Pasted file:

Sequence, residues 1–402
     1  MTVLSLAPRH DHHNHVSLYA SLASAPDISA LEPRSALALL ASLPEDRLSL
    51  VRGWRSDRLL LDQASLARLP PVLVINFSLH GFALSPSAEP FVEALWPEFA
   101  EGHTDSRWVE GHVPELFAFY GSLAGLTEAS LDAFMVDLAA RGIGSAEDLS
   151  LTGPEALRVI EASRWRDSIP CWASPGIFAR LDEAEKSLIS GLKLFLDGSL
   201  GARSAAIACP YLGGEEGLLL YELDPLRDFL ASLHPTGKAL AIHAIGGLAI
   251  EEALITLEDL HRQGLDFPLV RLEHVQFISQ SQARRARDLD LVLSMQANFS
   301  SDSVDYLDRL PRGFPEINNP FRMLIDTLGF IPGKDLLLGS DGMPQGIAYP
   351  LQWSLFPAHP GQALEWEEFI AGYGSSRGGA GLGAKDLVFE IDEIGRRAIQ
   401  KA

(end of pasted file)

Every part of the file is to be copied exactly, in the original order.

Sequence, residues 1–402
     1  MTVLSLAPRH DHHNHVSLYA SLASAPDISA LEPRSALALL ASLPEDRLSL
    51  VRGWRSDRLL LDQASLARLP PVLVINFSLH GFALSPSAEP FVEALWPEFA
   101  EGHTDSRWVE GHVPELFAFY GSLAGLTEAS LDAFMVDLAA RGIGSAEDLS
   151  LTGPEALRVI EASRWRDSIP CWASPGIFAR LDEAEKSLIS GLKLFLDGSL
   201  GARSAAIACP YLGGEEGLLL YELDPLRDFL ASLHPTGKAL AIHAIGGLAI
   251  EEALITLEDL HRQGLDFPLV RLEHVQFISQ SQARRARDLD LVLSMQANFS
   301  SDSVDYLDRL PRGFPEINNP FRMLIDTLGF IPGKDLLLGS DGMPQGIAYP
   351  LQWSLFPAHP GQALEWEEFI AGYGSSRGGA GLGAKDLVFE IDEIGRRAIQ
   401  KA